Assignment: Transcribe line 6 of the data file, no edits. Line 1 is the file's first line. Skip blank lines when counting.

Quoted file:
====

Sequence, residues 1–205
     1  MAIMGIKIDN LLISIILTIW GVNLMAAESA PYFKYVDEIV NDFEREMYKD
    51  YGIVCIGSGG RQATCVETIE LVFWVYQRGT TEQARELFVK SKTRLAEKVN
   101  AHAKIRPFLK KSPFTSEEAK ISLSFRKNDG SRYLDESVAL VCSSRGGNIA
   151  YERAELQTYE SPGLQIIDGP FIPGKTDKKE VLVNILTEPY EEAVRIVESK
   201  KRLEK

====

   201  KRLEK